313. Power to examine the accused-(1) In every inquiry or trial, for the purpose of enabling the accused personally to explain any circumstances appearing in the evidence against him, the Court-
(a) may at any stage, without previously warning the accused, put such questions to him as the Court considers necessary;
(b) shall, after the witnesses for the prosecution have been examined and before he is called on for his defence, question him generally on the case:
Provided that in a summons-case, where the Court has dispensed with the personal attendance of the accused, it may also dispense with his examination under Clause(b).
(Emphasis supplied by us)
13. On the plain language of Section 313, it is evident that in a summons case, when the personal appearance of the accused has been dispensed with under Section 205 of the Code, a discretion is vested in the Magistrate to dispense with the rigour of personal examination of the accused under Section 313 of the Code as well.
14. In Basavaraj R. Patil and Ors. 14, (2000) 8 SCC 740 while advocating a pragmatic and humanistic approach in less serious offences, Thomas, J. speaking for the majority in a Bench of three learned Judges, explained the scope of Clause (b) to Section 313(1) of the Code as follows:
The word “shall” in Clause (b) to Section 313(1) of the Code is to be interpreted as obligatory on the court and it should be complied with when it is for the benefit of the accused. But if it works to his great prejudice and disadvantage the court should, in appropriate cases, e.g., if the accused satisfies the court that he is unable to reach the venue of the court, except by bearing huge expenditure or that he is unable to travel the long journey due to physical incapacity or some such other hardship, relieve him of such hardship and at the same time adopt a measure to comply with the requirements in Section 313 of the Code in a substantial manner. How could this be achieved?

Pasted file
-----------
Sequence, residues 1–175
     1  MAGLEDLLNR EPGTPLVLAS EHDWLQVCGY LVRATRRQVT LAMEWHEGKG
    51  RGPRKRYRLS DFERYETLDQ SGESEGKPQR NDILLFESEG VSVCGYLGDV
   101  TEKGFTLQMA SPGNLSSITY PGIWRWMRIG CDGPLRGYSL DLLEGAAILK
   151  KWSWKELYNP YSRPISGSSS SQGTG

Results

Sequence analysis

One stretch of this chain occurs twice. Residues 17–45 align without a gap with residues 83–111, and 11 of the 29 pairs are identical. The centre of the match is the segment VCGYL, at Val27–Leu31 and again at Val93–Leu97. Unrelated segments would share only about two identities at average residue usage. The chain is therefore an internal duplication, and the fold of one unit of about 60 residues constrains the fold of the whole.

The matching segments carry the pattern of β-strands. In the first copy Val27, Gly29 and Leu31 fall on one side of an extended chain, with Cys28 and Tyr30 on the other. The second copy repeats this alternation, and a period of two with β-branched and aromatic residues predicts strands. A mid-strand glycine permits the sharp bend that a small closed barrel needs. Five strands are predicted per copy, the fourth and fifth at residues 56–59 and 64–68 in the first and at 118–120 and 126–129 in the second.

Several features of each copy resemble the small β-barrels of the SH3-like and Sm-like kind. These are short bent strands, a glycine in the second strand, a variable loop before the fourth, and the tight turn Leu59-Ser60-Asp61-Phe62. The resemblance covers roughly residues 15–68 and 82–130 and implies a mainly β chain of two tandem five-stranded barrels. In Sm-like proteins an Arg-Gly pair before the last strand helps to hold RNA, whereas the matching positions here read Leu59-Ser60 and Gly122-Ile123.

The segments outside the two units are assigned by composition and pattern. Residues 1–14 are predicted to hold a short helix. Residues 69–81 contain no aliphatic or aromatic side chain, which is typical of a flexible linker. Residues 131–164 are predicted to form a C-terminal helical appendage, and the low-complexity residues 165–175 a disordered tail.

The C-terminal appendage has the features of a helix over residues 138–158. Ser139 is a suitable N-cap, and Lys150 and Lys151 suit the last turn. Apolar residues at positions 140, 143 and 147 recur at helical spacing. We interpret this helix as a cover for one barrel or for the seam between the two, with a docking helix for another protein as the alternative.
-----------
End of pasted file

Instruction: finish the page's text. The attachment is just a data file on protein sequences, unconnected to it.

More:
If the accused (who is already exempted from personally appearing in the court) makes an application to the court praying that he may be allowed to answer the questions without making his physical presence in court on account of justifying exigency the court can pass appropriate orders thereon, provided such application is accompanied by an affidavit sworn to by the accused himself containing the following matters:
(a) A narration of facts to satisfy the court of his real difficulties to be physically present in court for giving such answers.
(b) An assurance that no prejudice would be caused to him, in any manner, by dispensing with his personal presence during such questioning.
(c) An undertaking that he would not raise any grievance on that score at any stage of the case.
15. It is manifest from the afore-extracted passage that dispensation with the personal examination of an accused in terms of the said provision is within the trial court’s discretion, to be exercised keeping in view certain parameters, enumerated therein and not as a matter of course.
16. It is true that in direction (vii) supra, the learned Judge has clarified that the stipulations in the preceding paragraphs are not intended to fetter the discretion of the court to follow any different procedure, if there be compelling need but the requirement of recording ‘specific reasons’ by the Magistrate for deviating from the directions given in the order, as stipulated in the same paragraph, in our view, is by itself tantamount to putting fetters on the jurisdiction of the Magistrate. This is not warranted in law.
17. Thus, in the instant case, we have no hesitation in holding that the High Court exceeded its jurisdiction under Section 482 of the Code and/or Article 227 of the Constitution by laying down the afore-extracted general directions, which are inconsistent with the clear language of Sections 205 and 313 of the Code, as noted above. We feel that in light of the afore-noted guidelines laid down by this Court, further directions on the same issue by the High Court were wholly uncalled for. In this regard, the following observations in S. Palani Velayutham and Ors. v. District Collector, Tirunelveli, Tamil Nadu and Ors., (2009) 10 SCC 664, are quite apt:
The courts should avoid the temptation to become authoritarian. We have been coming across several instances, where in their anxiety to do justice, the courts have gone overboard, which results in injustice, rather than justice. It is said that all power is trust and with greater power comes greater responsibility.
18. In light of the foregoing discussion, the appeal is allowed, and the impugned order containing general directions to the lower courts is set aside. However, we direct that if the accused moves the trial court with an application under Section 205 of the Code for exemption from personal attendance within four weeks of the receipt of a copy of this judgment, the exemption granted to her by the High Court shall continue to be in force till her application is disposed of by the trial court.